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Havre, MT, United States

Montana State University – Northern is a public state university, part of the Montana State University System, located in Havre, in the U.S. state of Montana. Montana State University – Northern was known as Northern Montana College prior to the restructuring of Montana's public university system. It has an operating budget for fiscal year 2007 of $12,540,000. In 1913, the Montana State Legislature approved the establishment of the Northern Montana Agricultural and Manual Training School at Fort Assinniboine, six miles southwest of Havre, but no money was actually appropriated. The State Legislature amended their original act in 1927 to include certain academic subjects and in 1929, the Legislature appropriated funds to establish the college as a branch of the University of Montana . Northern Montana College opened its doors in September 1929 in temporary quarters in Havre High School, and moved to its present campus in 1932.In 1994, the Montana University System elected to realign its smaller campuses with the two main universities, University of Montana in Missoula and Montana State University in Bozeman. Northern Montana College was renamed Montana State University – Northern on June 1 of that year. Wikipedia.

Narani A.,State University of New York at Buffalo | Narani A.,Montana State University-Northern | Alexandridis P.,State University of New York at Buffalo
11AIChE - 2011 AIChE Annual Meeting, Conference Proceedings | Year: 2011

Cellulose has become atopic of keen research interest due to its potential as a substitute ingredient in the production of petroleum products. Cellulose is a unique stereo regular, chiral, biocompatible and reactive polymer which at the same time constitutes an abundant and renewable natural resource. However, the efficient conversion of cellulose towards speciality polymers and its hydrolysis to biofuels is severely hindered by the crystallinity inherent in native cellulose. A few solvent systems have been found effective for molecular dissolution of cellulose, but they operate under rather strict conditions of composition and temperature. We studied the dissolution of solid cellulose in aqueous Na OH solutions with the aim to elucidate the transport phenomena governing the dissolution process.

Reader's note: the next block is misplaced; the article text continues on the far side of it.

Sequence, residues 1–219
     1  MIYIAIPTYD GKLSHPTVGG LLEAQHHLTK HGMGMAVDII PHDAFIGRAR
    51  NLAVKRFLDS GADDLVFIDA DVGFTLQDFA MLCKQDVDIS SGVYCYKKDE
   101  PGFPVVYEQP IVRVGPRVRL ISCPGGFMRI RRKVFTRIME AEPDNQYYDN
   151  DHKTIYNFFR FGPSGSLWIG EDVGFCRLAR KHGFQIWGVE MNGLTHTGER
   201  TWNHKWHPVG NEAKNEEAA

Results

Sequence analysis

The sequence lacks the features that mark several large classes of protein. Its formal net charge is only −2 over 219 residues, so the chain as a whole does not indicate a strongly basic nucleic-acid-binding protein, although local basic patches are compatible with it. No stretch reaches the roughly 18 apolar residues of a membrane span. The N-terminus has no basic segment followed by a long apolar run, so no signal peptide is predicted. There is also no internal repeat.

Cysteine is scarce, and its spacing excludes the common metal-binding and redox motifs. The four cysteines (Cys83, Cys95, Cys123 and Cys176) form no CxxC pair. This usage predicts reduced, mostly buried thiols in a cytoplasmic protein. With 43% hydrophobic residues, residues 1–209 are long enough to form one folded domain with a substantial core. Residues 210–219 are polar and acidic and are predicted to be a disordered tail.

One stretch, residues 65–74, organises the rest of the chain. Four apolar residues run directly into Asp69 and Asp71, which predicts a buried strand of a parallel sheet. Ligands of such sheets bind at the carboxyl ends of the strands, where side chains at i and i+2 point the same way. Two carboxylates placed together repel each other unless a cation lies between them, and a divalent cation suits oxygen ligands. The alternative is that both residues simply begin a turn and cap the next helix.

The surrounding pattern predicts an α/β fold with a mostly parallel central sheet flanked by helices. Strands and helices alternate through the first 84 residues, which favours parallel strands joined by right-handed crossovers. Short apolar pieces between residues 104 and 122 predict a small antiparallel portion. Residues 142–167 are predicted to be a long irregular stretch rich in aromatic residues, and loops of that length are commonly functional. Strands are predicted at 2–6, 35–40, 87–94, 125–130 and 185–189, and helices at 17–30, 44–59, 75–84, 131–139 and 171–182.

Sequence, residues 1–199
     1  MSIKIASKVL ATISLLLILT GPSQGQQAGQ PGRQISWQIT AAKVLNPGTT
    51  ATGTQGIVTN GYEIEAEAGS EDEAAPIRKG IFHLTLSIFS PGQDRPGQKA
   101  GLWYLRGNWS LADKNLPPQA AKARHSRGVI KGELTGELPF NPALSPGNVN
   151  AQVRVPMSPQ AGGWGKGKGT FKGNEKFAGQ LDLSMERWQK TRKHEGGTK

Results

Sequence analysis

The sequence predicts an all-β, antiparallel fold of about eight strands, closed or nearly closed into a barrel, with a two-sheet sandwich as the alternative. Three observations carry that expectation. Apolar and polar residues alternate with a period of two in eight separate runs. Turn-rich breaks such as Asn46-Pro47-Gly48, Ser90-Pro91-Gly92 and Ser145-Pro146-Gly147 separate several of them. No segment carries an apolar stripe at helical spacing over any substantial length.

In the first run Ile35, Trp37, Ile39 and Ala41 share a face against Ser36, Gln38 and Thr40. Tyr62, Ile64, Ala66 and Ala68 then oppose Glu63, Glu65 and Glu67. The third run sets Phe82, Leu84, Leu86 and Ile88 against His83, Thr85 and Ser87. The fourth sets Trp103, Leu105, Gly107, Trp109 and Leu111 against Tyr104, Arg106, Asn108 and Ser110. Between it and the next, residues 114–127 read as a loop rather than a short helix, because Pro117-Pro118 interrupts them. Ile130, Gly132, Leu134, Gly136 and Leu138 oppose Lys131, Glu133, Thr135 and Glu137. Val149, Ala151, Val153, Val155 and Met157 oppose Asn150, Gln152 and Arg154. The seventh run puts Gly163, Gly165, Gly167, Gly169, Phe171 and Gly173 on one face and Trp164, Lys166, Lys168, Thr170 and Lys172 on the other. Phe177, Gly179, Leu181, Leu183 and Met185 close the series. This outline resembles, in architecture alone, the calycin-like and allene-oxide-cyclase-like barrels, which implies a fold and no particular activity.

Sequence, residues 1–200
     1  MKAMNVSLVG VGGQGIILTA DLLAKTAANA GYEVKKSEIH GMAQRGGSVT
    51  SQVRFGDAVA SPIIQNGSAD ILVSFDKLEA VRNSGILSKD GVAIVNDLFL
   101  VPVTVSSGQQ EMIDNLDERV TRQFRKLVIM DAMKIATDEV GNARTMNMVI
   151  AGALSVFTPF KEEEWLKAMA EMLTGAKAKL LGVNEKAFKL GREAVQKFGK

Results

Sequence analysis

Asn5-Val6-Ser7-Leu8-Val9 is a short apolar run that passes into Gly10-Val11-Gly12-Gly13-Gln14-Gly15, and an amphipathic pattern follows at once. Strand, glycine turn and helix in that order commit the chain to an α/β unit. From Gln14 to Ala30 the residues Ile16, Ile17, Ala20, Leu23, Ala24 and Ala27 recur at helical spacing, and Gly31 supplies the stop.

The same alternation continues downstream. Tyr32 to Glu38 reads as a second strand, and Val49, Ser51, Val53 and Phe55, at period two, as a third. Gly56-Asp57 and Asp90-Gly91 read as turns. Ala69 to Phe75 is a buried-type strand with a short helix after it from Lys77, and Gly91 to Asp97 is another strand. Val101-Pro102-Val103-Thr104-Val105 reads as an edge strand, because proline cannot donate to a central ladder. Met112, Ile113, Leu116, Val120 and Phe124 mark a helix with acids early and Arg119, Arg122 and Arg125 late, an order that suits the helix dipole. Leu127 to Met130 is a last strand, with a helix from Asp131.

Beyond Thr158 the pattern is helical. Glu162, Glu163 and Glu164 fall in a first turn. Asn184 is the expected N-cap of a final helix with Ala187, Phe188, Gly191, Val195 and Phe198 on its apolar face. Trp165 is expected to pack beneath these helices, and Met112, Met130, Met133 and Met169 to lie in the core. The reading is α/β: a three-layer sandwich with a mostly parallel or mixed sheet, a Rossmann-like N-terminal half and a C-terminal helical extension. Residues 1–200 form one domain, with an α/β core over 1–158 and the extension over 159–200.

Maglinao R.L.,Montana State University-Northern | He B.B.,University of Idaho
Biofuels | Year: 2014

Alternative ways of converting crude glycerol from biodiesel production to value-added products are in high demand to solve the issue of increasing glycerol surplus. Propylene glycol (PG) and ethanol are examples of valuable chemicals that had been successfully produced from glycerol through in situ hydrogenolysis in our previous studies. This study aimed to determine the optimum conditions for maximizing the yields of PG and ethanol through in situ hydrogenolysis of glycerol. Depending on the targeted products, the optimum process conditions, obtained through statistical analysis and experimentally confirmed with a high PG yield of 47.2%mol, were 220°C, 51 min and 1.0:1.0 water to glycerol mass ratios (WGMR). However, the complex reactions involved in the production of ethanol lead to inconclusive results for the optimization. The key to maximizing the PG yield from in situ hydrogenolysis of glycerol is to operate the system at mild reaction temperatures (e.g., 220°C) at which the further conversion of PG to ethanol is slowed. Meanwhile, a 1:1 mixture of water and glycerol minimizes the side reactions and improves the PG formation. The ethanol production alone from glycerol does not seem economically justified for large scale production due to its low yield. However, co-production of PG and ethanol might be a viable solution. © 2015 Taylor & Francis.